Sunday, December 15, 2013

Mwamba got himself retired - Mulongoti
By Moses Kuwema
Thu 31 Oct. 2013, 14:01 CAT

PEOPLE'S Party president Mike Mulongoti says Emmanuel Mwamba got himself retired through his attempts to supplant the Minister of Information.

And The Zambian Watchdog has offered to give Mwamba back his former job as the online publication's correspondent now that he has been with immediate effect retired from the civil service in national interest as permanent secretary at Cabinet Office.

But when contacted for a comment, Mwamba who first sounded surprised, remarked: "Oh! Let me get back to you."

Mwamba, however, never got back and several attempts to reach him proved futile as his mobile phone went unanswered.

According to a statement by the President's special assistant for press and public relations George Chellah, President Michael Sata wished Mwamba success in his future endeavours.

"This is to confirm that with immediate effect, you have been retired in national interest. I wish to thank you most sincerely for the services you rendered to the government during your tenure of office," read President Sata's letter to Mwamba in part.

On Monday, President Sata told Mwamba in his capacity then as former information and broadcasting services permanent secretary not to use the ministry to fight his own political battles.

On the same day, President Sata transferred Mwamba to Cabinet Office as permanent secretary.

Speaking at State House before a Cabinet meeting, President Sata told Mwamba to cease being a civil servant if he wanted to engage in political battles.

"Don't use my ministry to fight your own political battles. Go outside, stand on a platform and we can meet you on the ground. Don't use my government. You are supposed to protect the people," he said.

President Sata further castigated Mwamba for issuing nationwide radio licences to privately-owned Radio Phoenix and Qfm.

Early this month, justice minister Wynter Kabimba wrote to Mwamba telling him that he was prepared to destroy the public media in order to please his paymasters and their cronies.

In a letter to Mwamba dated October 3, Kabimba, who is also PF secretary general, said he would not sit back and allow the destruction of the public media to continue unabated to the detriment of national development.

Vice-President Dr Guy Scott also wondered what Mwamba was doing at the Ministry of Information if he was failing to ensure journalistic standards in the public media.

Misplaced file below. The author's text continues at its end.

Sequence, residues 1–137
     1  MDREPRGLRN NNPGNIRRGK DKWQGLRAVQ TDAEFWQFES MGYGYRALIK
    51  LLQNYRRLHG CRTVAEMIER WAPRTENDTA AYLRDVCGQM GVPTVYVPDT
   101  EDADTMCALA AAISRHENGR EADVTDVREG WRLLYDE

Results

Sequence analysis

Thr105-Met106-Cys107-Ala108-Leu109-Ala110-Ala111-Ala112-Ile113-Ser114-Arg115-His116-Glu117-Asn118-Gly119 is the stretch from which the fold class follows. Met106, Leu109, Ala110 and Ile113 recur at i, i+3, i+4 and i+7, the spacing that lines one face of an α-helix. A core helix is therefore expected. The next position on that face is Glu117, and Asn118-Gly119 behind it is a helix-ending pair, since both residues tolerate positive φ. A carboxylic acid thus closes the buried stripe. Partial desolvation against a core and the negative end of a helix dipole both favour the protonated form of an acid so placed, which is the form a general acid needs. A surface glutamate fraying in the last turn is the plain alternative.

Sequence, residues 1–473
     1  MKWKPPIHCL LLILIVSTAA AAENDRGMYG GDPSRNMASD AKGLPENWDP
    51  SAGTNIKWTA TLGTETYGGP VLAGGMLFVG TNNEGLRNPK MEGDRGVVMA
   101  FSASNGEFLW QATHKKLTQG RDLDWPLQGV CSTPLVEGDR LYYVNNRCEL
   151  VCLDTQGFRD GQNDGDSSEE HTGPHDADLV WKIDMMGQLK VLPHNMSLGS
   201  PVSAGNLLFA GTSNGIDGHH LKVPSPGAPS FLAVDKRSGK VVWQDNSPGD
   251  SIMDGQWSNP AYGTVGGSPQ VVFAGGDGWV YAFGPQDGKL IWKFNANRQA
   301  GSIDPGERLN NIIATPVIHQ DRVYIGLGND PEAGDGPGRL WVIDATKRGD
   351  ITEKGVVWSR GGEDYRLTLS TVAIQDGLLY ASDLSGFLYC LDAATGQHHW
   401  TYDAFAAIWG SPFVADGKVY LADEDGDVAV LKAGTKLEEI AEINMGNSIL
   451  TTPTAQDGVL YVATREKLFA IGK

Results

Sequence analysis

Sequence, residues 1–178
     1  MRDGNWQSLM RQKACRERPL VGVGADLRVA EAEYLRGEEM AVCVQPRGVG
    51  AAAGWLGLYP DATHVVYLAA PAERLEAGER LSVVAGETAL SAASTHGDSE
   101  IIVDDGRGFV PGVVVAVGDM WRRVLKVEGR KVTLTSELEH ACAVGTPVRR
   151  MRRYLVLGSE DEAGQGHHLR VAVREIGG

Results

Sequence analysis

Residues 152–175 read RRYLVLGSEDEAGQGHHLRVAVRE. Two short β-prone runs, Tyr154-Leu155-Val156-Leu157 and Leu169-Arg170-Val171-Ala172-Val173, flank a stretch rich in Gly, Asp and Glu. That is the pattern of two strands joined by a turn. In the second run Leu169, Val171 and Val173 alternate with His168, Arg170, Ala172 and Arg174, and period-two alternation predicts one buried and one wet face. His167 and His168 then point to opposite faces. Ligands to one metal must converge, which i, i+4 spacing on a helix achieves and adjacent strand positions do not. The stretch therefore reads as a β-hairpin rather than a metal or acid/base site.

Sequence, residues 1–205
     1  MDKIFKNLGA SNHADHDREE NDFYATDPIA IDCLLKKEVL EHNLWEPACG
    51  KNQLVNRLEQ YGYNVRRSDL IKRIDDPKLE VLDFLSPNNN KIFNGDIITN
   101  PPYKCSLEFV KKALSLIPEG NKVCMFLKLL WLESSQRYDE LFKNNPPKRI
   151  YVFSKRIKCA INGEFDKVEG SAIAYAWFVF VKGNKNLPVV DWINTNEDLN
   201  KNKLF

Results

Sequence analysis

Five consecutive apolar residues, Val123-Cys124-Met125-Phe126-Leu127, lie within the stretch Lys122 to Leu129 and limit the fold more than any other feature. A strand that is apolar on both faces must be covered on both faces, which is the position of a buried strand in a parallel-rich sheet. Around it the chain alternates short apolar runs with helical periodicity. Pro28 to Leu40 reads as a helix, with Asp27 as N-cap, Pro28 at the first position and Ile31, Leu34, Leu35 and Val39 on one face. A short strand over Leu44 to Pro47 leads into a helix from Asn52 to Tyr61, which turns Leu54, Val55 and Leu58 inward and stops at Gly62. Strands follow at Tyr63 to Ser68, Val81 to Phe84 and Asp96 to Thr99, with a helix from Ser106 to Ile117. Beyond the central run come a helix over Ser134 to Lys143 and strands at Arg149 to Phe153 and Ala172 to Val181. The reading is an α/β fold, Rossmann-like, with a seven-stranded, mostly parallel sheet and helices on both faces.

During the same period, veteran politician Simon Zukas who was serving as a board member on the Zambia Daily Mail board, resigned alleging bad corporate governance practices by Mwamba.

After Mwamba's retirement, the Watchdog immediately posted on its website accessible through Facebook, that they had consistently told Mwamba to take it easy as he could crash.

"We are however, willing to give Mwamba his former job as our correspondent if he is willing," read the posting which was however edited after some time.

And commenting on President Sata's statement to Mwamba that he should not use his government to fight political battles, Mulongoti, a former information minister in the MMD government, said Mwamba was supposed to have been an advisor to his minister and should have never tried to supplant him.

"If a minister is attacked, the civil servant must advise the minister on how to react and provide answers. Now if a civil servant is the one that is on top, what happens is that if he is under attack, the minister cannot defend him because the expert is supposed to be a civil servant," he said.

Mulongoti said in as much as civil servants were expected to be robust in their approach to governance, there was need for them to take a back seat so as to provide information to their ministers at a political level.

He said failure to do so on the part of technocrats usually resulted in what had happened to Mwamba.

"We have nothing against the man. He has got this unlimited impatience on wanting to get things done. But in every circumstance, there are certain precautions you must take because in the process you step on other people's toes and sometimes you can injure yourself because of over-exposure. As a politician we are used to these things; they attack you today, you are in the ditch, tomorrow you rise again but you don't expect a technocrat to go through that. A technocrat must be in the background and only speak when they think maybe they want to correct something, with the permission of the minister. You must not supplant the minister and be the person on top," said Mulongoti.

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